A President has no choice, really. Not every President does it and few do it well. But that doesn't mean it's not a critical part of the job description: demonstrating leadership, cheerleading, team building, calls for unity, and yes, reminding us of our commonalities - all are vital components of a successful leader.
We need a leader who can try to bring us all together when things are falling apart and we are in a pretty scary place right now. So thank you for trying. “As painful as this week has been,” President Obama said, “I firmly believe that America is not as divided as some have suggested.”
But then the President goes on to say that the “demented” individual who committed this atrocity is no more representative of African Americans than white criminals are of white people or Muslim killers are of Islam. I agree, mostly.
One might ask themselves why people of color in this country sometimes have a strong desire to revolt, and not necessarily peacefully, against people who continue to abuse their class and race based privilege. Why some people break. Why people get frustrated when the rest of us neglect to work, daily and in all ways possible, to reduce the class and race based injustice that continues to persevere in the United States. And if we are honest, the things that we collectively embrace (the national anthem, the Apple Store, the Superbowl, and lattes) are probably insufficient to weather the storm of poverty, injustice, racism, and inequality.
So yes, it is laudable and worth ongoing mention that we have a lot in common and, generally speaking, do not create a war, riot, or violent protest every time something goes wrong. But there is foment smoldering and nothing can stop it other than a bigger change than the one we are making.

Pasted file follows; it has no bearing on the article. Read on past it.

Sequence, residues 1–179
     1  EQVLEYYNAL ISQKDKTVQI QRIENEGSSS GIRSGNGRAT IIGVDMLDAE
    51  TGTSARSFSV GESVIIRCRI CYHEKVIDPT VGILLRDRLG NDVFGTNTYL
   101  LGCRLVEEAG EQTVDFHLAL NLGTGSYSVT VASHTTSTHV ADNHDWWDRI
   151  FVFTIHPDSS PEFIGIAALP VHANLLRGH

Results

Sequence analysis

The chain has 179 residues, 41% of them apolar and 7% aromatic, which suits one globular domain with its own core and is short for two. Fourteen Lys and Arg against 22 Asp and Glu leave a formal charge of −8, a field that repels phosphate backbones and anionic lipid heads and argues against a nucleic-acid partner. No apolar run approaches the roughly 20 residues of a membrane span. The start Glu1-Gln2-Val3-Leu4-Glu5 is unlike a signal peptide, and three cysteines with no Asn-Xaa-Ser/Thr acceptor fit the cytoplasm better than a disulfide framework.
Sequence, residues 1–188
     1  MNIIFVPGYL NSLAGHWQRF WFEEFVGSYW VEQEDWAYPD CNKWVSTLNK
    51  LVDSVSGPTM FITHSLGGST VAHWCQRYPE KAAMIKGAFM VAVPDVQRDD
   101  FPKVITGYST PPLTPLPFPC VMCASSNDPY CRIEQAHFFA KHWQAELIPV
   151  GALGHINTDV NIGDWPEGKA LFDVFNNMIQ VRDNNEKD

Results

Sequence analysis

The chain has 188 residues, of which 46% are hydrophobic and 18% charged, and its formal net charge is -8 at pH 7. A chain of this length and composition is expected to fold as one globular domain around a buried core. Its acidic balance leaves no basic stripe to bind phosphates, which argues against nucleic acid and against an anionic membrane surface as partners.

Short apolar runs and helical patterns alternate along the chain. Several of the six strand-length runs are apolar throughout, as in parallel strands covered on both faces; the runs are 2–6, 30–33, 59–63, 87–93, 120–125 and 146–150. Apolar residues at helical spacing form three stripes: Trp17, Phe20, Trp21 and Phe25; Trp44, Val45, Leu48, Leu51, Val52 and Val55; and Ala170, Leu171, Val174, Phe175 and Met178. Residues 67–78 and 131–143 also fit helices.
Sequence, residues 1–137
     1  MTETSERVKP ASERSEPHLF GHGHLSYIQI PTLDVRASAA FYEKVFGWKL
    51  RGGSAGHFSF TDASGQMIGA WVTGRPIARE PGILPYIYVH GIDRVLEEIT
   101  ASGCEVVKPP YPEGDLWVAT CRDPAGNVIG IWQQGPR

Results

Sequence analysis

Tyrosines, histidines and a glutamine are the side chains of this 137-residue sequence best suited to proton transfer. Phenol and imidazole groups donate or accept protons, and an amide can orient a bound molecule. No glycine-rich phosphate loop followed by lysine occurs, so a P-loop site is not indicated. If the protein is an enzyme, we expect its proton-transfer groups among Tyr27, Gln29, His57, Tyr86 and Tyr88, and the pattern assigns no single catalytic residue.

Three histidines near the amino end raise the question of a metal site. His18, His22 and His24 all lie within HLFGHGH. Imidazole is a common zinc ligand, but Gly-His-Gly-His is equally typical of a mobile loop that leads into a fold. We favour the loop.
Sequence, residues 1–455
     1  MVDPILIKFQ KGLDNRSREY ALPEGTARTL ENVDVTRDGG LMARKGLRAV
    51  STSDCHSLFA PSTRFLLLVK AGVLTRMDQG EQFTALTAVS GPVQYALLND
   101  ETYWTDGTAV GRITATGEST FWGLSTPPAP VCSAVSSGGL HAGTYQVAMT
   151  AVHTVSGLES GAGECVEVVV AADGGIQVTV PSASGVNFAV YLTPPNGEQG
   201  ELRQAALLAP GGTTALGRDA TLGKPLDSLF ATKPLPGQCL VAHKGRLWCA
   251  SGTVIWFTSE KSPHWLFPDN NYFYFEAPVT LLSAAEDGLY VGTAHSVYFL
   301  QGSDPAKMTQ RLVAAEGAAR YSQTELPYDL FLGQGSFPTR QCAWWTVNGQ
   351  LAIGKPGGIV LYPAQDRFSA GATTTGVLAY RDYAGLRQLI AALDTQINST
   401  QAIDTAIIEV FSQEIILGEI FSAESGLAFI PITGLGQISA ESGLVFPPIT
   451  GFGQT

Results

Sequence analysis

The frequency with which unarmed black men are getting shot by police is a symptom, not a cause. Homelessness, a lack of good paying middle class jobs, and the reality that the only promise we are willing to make is that we will house and feed and clothe every single American as long as they commit a crime. Otherwise, they are on their own. Then add eviction, brutality, and endemic societal racism. Focus your lens on these problems, these every day occurrences that are happening on our streets and in our cities; the brutal reality that faces literally countless families in our country. Then zoom the lens out, to the macro level, and focus on the unarmed black man who was killed last week, the one killed yesterday, and the one killed today. Or the steady stream of verdicts, one after another that mirror each unnecessary and unjust killing: not guilty, not guilty, not guilty.
Let us each put ourselves in these shoes for a moment and make an honest, real attempt to imagine the world from that perspective.
Violence only begets more violence and that will never be the answer. If someone is resorting to killing, there is something wrong with them, period. What if they have tried and tried and tried and simply cannot find a path to justice or equality for themselves, their family, their community, or their race. If things don’t change, will a growing number come to the same conclusion that they have no other choice, that the only way to create the change that is absolutely needed in our country, is to perpetuate the endless violence?
If we don’t want to find out, we may need to acknowledge that while our similarities are pretty special and worth noting, our differences are real and profound. And far too little is happening to ensure the former outweighs the latter.
Leadership, yes, absolutely, comes in the form of cheerleading. But it also comes in the form of saying that which is incredibly hard to say, but needs to be said. President Obama has done as much on this front as any President in a generation, but today, his comments were not enough. It’ll take more than words and a pom pom to heal these wounds.